I would have liked to have seen more about atheism in other societies (for example, Egyptian, Persian, Chinese, Indian). But the author explains that although China for example had its atheists and other places also, the best historical writings and materials were available for Greece ....hence his concentration on this state. Rome is considered in the latter part of the book and, in general, was fairly tolerant of all sorts of religions and non-believers until the formal adoption of Christianity as the state religion...and with mentioned above...came those wonderful attributes of intolerance, persecution, and execution for those who did not profess the "right-beliefs".
Generally, I found the book quite fascinating ..though also mildly depressing ...especially the persecution of non-believers that is a recurring theme. I give it four stars.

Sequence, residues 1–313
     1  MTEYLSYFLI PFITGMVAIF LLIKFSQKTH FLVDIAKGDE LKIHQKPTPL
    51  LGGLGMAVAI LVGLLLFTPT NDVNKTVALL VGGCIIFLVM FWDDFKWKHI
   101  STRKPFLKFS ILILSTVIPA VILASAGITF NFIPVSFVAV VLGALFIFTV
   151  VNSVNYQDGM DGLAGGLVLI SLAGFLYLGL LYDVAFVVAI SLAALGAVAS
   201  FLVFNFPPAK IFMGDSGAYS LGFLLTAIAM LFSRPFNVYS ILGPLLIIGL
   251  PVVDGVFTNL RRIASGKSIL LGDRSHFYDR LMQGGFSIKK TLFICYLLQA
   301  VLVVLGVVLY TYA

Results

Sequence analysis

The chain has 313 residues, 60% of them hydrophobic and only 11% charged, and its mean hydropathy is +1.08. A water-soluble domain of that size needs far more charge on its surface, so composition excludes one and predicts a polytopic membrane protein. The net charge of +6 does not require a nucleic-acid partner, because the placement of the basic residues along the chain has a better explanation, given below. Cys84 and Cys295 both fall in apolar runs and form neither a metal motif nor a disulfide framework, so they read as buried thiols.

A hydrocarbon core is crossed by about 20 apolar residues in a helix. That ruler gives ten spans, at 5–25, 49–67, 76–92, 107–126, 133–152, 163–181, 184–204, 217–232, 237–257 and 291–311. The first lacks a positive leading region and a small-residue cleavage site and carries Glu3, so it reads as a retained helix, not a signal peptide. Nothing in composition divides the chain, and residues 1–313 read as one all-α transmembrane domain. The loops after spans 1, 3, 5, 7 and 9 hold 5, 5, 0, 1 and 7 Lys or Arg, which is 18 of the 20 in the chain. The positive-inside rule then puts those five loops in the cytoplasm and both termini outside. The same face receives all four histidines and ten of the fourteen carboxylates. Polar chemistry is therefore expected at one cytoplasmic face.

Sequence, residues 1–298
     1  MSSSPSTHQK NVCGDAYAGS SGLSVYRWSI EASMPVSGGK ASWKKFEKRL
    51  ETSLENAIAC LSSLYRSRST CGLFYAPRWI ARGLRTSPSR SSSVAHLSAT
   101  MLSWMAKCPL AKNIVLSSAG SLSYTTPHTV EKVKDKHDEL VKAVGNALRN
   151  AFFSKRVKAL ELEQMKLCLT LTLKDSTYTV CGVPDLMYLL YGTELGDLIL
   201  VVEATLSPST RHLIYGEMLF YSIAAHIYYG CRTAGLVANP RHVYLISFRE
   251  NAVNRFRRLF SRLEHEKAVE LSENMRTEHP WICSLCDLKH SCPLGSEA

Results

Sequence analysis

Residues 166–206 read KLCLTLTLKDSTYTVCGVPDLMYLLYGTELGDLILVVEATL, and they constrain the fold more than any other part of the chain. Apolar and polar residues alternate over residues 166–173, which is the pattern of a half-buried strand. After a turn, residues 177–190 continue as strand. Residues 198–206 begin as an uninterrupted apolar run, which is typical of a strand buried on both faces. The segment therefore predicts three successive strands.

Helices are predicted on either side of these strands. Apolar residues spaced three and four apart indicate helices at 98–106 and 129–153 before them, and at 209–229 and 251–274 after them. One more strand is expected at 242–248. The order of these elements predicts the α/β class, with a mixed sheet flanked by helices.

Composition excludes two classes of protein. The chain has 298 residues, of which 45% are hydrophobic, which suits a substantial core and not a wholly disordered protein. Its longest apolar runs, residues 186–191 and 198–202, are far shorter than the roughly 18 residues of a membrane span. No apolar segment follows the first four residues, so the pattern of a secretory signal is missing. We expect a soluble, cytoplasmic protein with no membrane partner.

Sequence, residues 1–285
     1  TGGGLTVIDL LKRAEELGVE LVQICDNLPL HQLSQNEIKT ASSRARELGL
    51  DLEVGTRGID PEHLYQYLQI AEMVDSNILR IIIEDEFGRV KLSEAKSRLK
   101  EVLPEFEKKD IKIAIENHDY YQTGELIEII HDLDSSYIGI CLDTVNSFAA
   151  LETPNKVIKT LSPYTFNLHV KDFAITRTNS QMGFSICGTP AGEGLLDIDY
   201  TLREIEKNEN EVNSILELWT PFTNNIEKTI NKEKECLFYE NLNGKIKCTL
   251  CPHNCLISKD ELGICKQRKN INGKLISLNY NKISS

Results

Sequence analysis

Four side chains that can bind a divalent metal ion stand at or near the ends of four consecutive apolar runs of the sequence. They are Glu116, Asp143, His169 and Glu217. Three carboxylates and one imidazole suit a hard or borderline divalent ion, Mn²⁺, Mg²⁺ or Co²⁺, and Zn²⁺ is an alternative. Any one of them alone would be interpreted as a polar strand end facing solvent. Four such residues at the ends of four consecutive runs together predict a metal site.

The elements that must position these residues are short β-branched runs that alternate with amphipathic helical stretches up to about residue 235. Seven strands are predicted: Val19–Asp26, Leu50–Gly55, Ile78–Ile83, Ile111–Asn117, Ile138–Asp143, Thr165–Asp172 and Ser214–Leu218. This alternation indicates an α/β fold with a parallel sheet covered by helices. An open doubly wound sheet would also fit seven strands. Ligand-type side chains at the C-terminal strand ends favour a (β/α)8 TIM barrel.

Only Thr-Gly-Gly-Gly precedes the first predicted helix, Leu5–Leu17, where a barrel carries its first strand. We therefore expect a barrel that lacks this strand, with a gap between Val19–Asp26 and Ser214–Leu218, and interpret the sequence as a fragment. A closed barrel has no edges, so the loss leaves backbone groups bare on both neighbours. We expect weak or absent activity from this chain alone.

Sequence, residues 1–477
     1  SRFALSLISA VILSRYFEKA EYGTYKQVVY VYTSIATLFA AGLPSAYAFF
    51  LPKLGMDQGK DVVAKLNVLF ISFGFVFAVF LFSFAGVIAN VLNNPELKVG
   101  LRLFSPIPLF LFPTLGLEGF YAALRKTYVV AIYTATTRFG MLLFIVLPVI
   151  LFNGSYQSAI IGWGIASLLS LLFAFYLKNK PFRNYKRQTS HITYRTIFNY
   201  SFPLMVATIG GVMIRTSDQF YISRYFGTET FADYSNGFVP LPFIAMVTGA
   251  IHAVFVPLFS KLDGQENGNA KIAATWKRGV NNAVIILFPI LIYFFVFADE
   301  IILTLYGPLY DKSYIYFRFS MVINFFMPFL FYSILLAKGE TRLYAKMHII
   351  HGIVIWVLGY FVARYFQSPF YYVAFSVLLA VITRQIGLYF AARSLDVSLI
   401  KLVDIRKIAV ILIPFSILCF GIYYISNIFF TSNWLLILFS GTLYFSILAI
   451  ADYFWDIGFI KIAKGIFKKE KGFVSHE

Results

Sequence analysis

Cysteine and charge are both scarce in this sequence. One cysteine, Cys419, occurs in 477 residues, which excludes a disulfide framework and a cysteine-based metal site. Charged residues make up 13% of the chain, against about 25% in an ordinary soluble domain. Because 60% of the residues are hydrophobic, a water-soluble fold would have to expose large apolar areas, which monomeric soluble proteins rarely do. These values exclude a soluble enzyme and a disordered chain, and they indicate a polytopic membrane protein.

… (més)
booktsunami | Hi ha 11 ressenyes més | Oct 18, 2021 |
This a really interesting book.
I would have rated it higher but I really struggle with these history books which are full of names and names and names and I can remember who anyone is and it all gets an it complicated. Sometimes the ideas got a bit lost in the detailing of events too, but I guess someone else might find this okay.

I didn't find it preachy or anything like that. Just a nice pile of thoughts and facts and commentary.
5 stars if I wasn't dyslexic and Greek memes weren't really hard to read and pretty confusing? I dunno, maybe.… (més)
mjhunt | Hi ha 11 ressenyes més | Jan 22, 2021 |
Really enjoyed this book. I really enjoy anything based on history.
AndreaWay | Hi ha 11 ressenyes més | Nov 15, 2020 |
Disappointing as most of the philosophers discussed didn't really seem to be atheists.
Robertgreaves | Hi ha 11 ressenyes més | Jun 21, 2020 |